Being present also means you will have to regularly use Facebook, Instagram, TikTok, Snapchat, Twitter, Discord, etc., and have a basic understanding of how they work. While this may sound daunting, it can also be a way to connect with your teen.  Sharing TikTok videos with your child that you think will make them laugh or brighten their day isn’t just a modern way to send little love notes throughout the day, it also serves a secondary purpose of affecting the platform algorithms. 

Learn How to Stay on the Right Side of Algorithms

Just about every platform has a different algorithm for determining the content it chooses to show you. However, as a general rule, (especially on TikTok) how you interact with content determines the type of content that you will see in the future.  Liking, commenting, and sharing content will lead to you being shown more content of that type.  You may have heard people talking about being on a particular “side” of TikTok and this is exactly how it happens.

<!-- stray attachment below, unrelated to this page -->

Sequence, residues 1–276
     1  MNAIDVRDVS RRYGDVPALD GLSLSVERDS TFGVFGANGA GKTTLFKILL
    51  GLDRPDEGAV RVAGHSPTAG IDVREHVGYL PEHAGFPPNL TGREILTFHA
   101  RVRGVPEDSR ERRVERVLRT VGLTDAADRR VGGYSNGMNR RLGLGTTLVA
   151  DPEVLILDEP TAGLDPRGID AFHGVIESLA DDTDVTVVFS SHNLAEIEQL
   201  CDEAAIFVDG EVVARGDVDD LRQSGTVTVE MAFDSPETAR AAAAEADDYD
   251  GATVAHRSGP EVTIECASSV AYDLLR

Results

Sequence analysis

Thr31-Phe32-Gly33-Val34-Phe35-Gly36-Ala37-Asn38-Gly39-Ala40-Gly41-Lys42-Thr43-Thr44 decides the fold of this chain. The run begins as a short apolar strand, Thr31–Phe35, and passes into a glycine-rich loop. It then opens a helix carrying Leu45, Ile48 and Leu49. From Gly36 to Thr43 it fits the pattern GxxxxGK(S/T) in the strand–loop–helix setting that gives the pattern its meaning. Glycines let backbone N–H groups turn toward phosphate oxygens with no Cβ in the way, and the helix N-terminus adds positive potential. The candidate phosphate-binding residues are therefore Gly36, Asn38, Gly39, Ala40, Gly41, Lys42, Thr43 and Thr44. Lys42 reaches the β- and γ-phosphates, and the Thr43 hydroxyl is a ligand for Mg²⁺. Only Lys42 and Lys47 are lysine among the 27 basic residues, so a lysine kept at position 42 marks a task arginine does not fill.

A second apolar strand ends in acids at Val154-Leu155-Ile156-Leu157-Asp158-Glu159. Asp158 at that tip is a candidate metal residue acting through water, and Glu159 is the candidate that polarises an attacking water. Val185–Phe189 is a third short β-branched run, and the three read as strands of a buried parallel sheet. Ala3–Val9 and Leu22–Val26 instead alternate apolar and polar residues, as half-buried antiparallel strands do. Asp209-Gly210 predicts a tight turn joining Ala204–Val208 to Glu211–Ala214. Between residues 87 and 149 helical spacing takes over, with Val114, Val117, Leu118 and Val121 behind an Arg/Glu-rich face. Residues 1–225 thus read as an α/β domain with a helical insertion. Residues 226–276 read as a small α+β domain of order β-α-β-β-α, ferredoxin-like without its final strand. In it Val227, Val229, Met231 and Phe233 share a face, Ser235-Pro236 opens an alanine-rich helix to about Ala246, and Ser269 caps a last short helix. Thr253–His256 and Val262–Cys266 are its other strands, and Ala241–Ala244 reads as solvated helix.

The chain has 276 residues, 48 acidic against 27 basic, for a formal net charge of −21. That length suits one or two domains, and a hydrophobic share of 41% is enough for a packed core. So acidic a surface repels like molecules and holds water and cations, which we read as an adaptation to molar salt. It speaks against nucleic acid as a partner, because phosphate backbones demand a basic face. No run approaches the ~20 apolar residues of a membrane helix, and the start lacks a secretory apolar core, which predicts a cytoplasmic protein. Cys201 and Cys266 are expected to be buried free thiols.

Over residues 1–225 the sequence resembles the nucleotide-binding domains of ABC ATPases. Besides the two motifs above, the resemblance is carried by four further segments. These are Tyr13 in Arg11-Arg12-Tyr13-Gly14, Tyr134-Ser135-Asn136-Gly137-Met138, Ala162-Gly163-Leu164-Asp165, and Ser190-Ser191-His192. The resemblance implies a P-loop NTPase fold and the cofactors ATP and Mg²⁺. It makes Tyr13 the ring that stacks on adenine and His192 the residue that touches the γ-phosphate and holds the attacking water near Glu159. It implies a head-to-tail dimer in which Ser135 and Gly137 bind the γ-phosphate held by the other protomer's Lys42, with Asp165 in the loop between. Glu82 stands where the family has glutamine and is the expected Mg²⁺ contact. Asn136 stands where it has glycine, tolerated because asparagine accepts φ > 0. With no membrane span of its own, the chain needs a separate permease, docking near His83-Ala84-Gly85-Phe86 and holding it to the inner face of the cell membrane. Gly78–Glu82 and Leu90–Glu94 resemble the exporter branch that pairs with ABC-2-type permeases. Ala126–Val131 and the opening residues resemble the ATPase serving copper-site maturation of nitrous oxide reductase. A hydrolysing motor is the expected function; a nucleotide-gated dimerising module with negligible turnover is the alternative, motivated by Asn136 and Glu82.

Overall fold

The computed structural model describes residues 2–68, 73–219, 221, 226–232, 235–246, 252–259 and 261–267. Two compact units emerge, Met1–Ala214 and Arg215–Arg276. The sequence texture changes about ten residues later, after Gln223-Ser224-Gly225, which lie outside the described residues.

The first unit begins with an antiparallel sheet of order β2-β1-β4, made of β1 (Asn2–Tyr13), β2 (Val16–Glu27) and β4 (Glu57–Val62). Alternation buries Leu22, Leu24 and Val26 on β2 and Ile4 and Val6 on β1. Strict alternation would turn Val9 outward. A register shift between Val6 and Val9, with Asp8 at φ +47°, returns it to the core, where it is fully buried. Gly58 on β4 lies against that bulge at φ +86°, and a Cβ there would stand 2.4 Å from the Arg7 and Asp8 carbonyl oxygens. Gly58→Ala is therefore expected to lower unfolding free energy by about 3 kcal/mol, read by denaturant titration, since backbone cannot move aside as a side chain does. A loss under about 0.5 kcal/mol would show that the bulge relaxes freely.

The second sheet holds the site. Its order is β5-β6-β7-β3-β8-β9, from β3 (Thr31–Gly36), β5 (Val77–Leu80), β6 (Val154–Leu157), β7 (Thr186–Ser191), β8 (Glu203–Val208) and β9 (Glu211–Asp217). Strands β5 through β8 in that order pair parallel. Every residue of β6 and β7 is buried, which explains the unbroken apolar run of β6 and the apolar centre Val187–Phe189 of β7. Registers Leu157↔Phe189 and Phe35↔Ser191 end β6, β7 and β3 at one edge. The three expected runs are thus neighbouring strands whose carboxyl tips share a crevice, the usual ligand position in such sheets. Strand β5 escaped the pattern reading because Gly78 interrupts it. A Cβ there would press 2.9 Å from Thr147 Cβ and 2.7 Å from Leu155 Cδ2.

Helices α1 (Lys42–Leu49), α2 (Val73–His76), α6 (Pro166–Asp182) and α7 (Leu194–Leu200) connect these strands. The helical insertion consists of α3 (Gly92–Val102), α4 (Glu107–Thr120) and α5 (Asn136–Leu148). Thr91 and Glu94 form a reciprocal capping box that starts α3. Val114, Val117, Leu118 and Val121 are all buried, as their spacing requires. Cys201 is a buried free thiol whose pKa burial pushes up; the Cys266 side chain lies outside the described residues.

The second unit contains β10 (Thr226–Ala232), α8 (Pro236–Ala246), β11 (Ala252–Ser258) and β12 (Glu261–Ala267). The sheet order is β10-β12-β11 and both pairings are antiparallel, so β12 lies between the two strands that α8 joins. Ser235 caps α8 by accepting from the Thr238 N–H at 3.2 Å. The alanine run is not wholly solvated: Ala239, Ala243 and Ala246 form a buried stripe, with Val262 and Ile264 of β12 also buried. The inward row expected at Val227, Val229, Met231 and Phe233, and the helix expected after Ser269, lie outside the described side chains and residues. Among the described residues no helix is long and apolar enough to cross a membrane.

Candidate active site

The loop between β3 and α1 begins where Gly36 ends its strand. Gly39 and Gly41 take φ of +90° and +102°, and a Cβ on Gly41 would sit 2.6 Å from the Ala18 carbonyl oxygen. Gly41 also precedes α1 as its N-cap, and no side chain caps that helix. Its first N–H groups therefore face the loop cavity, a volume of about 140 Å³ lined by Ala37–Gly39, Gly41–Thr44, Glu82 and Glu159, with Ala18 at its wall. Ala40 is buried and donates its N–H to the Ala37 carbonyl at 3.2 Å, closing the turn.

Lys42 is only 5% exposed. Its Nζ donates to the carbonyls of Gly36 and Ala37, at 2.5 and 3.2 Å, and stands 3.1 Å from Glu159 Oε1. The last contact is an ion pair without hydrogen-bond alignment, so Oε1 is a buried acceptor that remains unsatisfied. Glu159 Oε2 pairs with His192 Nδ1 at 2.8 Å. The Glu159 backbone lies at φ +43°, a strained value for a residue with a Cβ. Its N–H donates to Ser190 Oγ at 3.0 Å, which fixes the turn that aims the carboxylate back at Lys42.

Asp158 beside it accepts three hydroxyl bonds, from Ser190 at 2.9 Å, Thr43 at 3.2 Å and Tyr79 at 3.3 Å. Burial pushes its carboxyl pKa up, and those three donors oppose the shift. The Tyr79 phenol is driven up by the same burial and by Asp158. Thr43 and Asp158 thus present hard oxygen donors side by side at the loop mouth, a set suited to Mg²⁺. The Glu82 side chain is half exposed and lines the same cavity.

The good news is that once you know this, you can start curating your content to some degree.  Talk to your teen about how they interact with content so they know that they have the power and control over making their own social media experience a positive one.  Talk to them about what they want their social media experience to look like. Then, encourage them to like, comment on, and share content that matches the world they would like to see and ignore, block, or report content that doesn’t.  The key to a positive social media experience is in using it intentionally. While the choices they make when interacting with content more heavily affects the algorithm for the content they see, the combined efforts of multiple users can also affect how the content is displayed for everyone across the platform.  Making good choices can also lead to better platforms.